- Corn plant height potential is determined by genetics but modified and influenced by the environment. Specific factors that affect height include water intake, temperature, and light interception by top leaves during growth.
- Low early-season temperatures can increase internode rigidity and limit cell expansion and internode elongation.
- Plant height does not necessarily influence yield potential.
Drivers of Internodal Growth
Stalk elongation begins at the V5 growth stage (Figure 1). Most cell expansion occurs at the base of internodes and is affected by light and shade interactions, daylength, and temperatures. Later planting dates often result in taller corn because longer days typically produce elongated internodes. Corn fields with high populations can have a ‘shading effect’. This shading leads to increased auxin production.1 Auxin is a plant growth hormone that helps facilitate the expansion of internodes, resulting in taller plants. Conversely, intense solar radiation can reduce auxin levels, leading to less internode elongation (Figure 2).
Cell wall expansion within the internodes is limited by cold temperatures, and internodes may become rigid if exposed to a cool period during vegetative growth. Therefore, early planting dates can be associated with short corn heights as they have a higher chance of being exposed to cool spring weather and shorter daylengths.
Earlier planting dates usually result in shorter corn compared to later planting dates as early planted corn has more vegetative growth occurring when days are shorter, soils and air temperatures are cooler, and often in saturated soils. Saturated soil is unfavorable for root and shoot development and is prone to compaction when driven on during spring field work. Compacted soil from equipment can lead to shorter corn in rows adjacent to the tracks.2 Early root development that is inhibited from these early-season conditions can limit moisture and nutrient uptake during the rapid growth stage of corn. Water stress can impact plants with normal root development as cell expansion depends on water uptake. Reduced water uptake can result in shorter internodes because of limited water availability.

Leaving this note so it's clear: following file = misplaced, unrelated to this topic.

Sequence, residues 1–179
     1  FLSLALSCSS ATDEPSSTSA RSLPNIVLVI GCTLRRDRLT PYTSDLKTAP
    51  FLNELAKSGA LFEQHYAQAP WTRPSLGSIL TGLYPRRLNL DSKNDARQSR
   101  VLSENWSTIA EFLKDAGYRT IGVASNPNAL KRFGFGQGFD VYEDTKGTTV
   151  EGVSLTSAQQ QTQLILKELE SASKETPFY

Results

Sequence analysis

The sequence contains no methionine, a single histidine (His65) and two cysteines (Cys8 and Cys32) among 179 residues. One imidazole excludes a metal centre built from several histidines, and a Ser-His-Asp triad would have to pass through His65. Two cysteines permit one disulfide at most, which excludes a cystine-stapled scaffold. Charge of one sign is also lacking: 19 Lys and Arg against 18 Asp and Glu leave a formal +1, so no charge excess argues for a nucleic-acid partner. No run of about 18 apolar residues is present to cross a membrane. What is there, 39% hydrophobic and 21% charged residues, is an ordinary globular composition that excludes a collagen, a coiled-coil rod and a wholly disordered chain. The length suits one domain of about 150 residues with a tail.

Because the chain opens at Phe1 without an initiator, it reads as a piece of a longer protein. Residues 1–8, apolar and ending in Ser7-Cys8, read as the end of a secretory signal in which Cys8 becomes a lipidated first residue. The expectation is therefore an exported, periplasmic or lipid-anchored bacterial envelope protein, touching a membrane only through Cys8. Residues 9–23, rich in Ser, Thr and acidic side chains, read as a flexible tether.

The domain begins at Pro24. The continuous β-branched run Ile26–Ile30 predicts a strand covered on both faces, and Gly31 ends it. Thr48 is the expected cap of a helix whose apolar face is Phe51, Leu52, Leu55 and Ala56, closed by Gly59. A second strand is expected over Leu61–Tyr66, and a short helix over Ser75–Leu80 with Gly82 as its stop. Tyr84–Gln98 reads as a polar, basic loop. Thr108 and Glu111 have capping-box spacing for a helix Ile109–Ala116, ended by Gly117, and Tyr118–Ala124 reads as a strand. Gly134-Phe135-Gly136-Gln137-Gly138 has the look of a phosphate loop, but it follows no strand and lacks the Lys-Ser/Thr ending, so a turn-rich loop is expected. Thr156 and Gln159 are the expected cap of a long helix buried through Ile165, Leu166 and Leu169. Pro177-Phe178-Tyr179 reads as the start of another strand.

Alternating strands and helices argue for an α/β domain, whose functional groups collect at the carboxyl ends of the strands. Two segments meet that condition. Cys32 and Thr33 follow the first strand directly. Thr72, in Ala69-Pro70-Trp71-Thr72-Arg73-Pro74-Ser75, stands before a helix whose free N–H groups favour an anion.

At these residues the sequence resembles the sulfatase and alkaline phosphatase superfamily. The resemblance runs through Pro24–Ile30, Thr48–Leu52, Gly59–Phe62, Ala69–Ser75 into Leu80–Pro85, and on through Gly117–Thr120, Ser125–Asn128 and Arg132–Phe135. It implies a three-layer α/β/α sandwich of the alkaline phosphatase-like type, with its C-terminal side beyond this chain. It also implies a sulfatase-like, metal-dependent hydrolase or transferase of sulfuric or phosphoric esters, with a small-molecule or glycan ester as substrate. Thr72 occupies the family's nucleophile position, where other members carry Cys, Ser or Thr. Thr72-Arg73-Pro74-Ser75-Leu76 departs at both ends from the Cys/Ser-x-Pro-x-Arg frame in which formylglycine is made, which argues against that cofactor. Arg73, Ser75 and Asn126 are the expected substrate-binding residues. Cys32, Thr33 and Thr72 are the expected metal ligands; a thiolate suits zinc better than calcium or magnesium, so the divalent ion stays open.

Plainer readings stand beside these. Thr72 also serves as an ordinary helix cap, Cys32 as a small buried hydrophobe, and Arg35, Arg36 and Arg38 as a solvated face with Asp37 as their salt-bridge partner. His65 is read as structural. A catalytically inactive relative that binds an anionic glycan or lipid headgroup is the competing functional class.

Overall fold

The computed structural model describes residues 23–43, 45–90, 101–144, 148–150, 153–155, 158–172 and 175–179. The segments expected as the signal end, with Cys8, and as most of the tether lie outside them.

Impact on Pollination and Yield Potential
Most corn plants reach full height by the end of pollination. Corn heights may appear to even out across the field as tassels completely emerge. Successful pollination of shorter corn within the stand is still expected; however, full canopies are needed to reach yield potential. While shorter plants within the stand may yield less than neighboring full-size plants, pollination is expected to be successful.
An early planted field with short plants interspersed with tall plants can have a higher yield potential than a later planted field with uniform tall plants. Even when plants appear to be short or non-uniform, growing conditions result in the field having similar or greater yield potential compared to later planted fields. Additionally, the yield penalty for replanting a field may be greater than potential yield loss from an uneven stand.4
1 Nielsen, R. L. 2001. Short corn at tasseling. Purdue University. https://www.agry.purdue.edu/ext/corn/news/articles.01/short_corn-0712.html
2 Larson, E. 2016. Will short corn limit your yield potential? Mississippi State University. https://www.mississippi-crops.com/2016/06/09/will-short-corn-limit-your-yield-potential/
3 Nafziger, E. 2022. Assessing potential of the 2022 corn crop University of Illinois. https://farmdoc.illinois.edu/field-crop-production/assessing-potential-of-the-2022-corn-crop.html
4 Licht, M. 2023. Uneven corn heights. Iowa State University. https://crops.extension.iastate.edu/encyclopedia/uneven-corn-heights